The Hervey Foundation for Cats
Why Do Some Cats Have Bad Breath?

Why Do Some Cats Have Bad Breath?

Have you ever had your cat sitting on your chest while you lay in bed or watch TV on the couch, and suddenly a waft of the worst possible breath floats past your nose? Does it seem worse than usual? Ever wonder what is causing your cat’s bad breath?

If a cat has bad breath there usually is a reason. Cat’s pride themselves on their ability to stay clean and remove any smells potential predators may be able to pick up on. This includes bad breath. 

Their self-cleaning nature is more a feature of survival than it is a vanity, though as pet owners, it sure is convenient for us. So, what causes our cats to have pungent-smelling breath? After they eat, their breath is never a picnic, but it shouldn’t smell rotten a few hours after eating. 

The answer is: it’s usually their teeth. Dental issues are the most common causes of bad breath in cats. 

Periodontal Disease

The most common dental issue in cats is periodontal disease – an inflammation of the tissues surrounding the teeth. The inflammation is a bi-product of tartar and plaque buildup, which contain bacteria – bacteria that releases sulfur compounds causing a nasty smell. 

Treating periodontal disease requires professional removal of the plaque and tartar, then regular upkeep once back at home.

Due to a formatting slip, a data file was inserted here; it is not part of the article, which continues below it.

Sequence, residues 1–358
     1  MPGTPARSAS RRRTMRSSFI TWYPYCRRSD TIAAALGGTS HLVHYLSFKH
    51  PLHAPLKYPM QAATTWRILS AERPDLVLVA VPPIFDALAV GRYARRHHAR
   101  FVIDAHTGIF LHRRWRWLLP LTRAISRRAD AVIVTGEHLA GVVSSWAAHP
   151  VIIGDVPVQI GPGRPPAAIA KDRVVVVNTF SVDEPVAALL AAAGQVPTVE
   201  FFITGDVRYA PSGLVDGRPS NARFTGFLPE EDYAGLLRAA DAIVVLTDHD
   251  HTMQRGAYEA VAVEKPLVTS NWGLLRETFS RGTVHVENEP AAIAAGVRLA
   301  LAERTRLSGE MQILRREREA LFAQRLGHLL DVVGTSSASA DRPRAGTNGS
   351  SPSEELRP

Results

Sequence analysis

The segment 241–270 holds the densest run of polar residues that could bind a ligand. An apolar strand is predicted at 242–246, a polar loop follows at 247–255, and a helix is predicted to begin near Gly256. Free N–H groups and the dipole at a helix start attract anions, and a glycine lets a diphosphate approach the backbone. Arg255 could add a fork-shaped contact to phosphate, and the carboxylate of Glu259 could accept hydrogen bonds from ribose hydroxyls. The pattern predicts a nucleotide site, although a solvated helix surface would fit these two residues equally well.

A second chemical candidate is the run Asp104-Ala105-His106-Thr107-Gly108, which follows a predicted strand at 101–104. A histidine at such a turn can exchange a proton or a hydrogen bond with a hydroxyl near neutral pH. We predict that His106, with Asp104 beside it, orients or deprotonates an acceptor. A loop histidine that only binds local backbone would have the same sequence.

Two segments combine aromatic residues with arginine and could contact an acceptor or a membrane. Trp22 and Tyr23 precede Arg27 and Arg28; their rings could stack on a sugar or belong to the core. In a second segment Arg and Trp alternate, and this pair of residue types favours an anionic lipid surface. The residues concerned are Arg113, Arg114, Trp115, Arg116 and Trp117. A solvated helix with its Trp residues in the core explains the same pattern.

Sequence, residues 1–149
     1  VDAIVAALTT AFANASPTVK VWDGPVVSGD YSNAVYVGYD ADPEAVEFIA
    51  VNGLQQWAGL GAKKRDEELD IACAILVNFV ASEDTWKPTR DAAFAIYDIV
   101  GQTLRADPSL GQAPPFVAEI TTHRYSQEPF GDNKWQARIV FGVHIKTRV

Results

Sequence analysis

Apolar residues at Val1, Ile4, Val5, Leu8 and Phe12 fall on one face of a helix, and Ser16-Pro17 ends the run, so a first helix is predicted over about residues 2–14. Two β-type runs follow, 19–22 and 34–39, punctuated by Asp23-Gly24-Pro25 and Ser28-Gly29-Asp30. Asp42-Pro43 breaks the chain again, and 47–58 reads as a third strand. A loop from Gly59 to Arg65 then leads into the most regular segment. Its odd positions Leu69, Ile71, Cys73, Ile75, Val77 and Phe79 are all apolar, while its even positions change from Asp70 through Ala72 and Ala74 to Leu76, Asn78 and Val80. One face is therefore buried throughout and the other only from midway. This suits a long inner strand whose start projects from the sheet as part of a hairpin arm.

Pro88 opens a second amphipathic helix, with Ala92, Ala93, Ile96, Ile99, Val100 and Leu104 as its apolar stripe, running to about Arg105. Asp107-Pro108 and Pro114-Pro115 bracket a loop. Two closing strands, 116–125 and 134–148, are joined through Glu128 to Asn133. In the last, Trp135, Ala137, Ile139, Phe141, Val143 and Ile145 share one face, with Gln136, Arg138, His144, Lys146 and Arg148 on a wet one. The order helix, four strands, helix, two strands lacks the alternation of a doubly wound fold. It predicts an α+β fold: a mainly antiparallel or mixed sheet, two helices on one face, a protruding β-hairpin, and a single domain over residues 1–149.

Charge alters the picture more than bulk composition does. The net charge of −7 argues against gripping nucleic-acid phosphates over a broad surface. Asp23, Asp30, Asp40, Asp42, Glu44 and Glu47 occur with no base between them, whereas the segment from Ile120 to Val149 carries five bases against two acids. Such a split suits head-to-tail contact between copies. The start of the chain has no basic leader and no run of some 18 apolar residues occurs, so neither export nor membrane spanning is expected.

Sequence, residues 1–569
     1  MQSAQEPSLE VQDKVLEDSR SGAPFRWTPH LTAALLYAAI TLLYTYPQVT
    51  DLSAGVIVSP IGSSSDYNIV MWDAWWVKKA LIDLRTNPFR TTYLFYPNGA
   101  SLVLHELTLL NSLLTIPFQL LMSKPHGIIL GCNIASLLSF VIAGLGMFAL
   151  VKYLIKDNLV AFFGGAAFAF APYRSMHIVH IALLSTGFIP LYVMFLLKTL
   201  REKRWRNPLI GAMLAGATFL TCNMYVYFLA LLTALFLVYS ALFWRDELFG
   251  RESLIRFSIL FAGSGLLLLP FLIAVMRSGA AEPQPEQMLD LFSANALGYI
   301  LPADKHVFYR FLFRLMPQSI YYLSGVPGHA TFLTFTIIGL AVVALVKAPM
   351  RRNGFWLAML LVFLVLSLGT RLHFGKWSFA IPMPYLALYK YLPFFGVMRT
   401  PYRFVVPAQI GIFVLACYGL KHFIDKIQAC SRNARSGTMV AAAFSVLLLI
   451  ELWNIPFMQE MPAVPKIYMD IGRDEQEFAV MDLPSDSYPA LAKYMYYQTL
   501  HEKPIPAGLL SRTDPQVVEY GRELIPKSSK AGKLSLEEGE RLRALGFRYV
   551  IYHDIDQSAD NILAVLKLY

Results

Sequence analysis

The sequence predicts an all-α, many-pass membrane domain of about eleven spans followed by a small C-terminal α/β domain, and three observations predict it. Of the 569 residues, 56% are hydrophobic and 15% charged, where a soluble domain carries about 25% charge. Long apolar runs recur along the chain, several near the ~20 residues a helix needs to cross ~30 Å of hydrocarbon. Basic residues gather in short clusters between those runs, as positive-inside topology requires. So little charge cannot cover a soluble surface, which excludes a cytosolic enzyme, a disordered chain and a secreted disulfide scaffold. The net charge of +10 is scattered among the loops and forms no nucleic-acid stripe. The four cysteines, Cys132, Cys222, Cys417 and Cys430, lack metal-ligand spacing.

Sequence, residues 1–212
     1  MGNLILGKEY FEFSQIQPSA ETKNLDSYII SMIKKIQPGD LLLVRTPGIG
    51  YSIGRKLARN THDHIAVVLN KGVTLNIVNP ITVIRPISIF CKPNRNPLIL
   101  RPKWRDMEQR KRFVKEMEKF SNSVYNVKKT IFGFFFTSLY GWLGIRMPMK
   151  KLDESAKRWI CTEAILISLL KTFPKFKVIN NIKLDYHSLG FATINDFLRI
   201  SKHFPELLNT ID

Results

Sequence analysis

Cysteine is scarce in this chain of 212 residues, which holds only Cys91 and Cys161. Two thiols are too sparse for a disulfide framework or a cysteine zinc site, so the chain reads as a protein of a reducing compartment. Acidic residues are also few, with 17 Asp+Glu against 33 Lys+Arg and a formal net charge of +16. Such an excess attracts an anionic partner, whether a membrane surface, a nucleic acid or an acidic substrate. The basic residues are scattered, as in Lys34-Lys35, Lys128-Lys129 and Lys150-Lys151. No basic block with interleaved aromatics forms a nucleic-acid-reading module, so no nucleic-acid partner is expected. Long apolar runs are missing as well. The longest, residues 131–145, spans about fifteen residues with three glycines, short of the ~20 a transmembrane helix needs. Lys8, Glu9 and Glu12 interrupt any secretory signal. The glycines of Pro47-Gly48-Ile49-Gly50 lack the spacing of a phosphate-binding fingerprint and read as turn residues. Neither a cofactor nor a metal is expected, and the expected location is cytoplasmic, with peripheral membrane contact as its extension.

Respiratory Virus 

Respiratory viruses are pretty common in the feline world, and some of them can result in stinky breath. One virus, in particular, calicivirus, often results in ulceration of the tongue, which can cause a fairly bad smell. The positive side of it being a virus is that it will often run its course on its own without requiring medication, and once your cat heals, the smell goes away. 

Tooth Root Abscess

Another common dental issue in cats, tooth root abscesses, is pretty serious. A bad abscess will cause a great deal of swelling around the particular tooth, with pus draining into the cat’s mouth (yuck) causing bad breath. These need to be lanced, and in many cases, the tooth extracted, with a brief diet of antibiotics to follow up.

Tumours in the Mouth

Mouth tumours may begin to grow in size, become infected, and decay. As you may have guessed, a smell can follow in these cases. Many oral tumours come with a poor prognosis. By the time they are causing issues, they are too far along, and treatment just isn’t possible. 

Kidney Disease
As a cat’s kidneys begin to weaken in older age, their ability to filter toxins from the blood is reduced. When things get worse, and the bloodstream starts to contain more toxins, the smell of a cat’s breath can worsen. This is known as uremia. Cats with uremia often develop ulcers in the mouth which results in a negative smell. 

Diabetes

Diabetes can affect a cat’s breath. This often skews the breath towards a more sweet smell, though the other signs of diabetes are often noticed before the change in breath. Things like increased thirst and appetite, increased urination, and weight loss, are often easier to spot before bad breath. 

Final Thoughts

At the end of the day, it’s up to you to decide how far you are willing to go to protect your cat’s teeth. Not a lot of owners are willing to brush their cat’s teeth, but many cats would benefit from it. It’s usually easier to adapt an animal to a specific behaviour at a young age, so brushing from kitten age is ideal, as opposed to introducing it to an adult cat. 

There are also some diets designed to reduce tartar and plaque buildup. Talk to your vet to determine what would work best for your cats!

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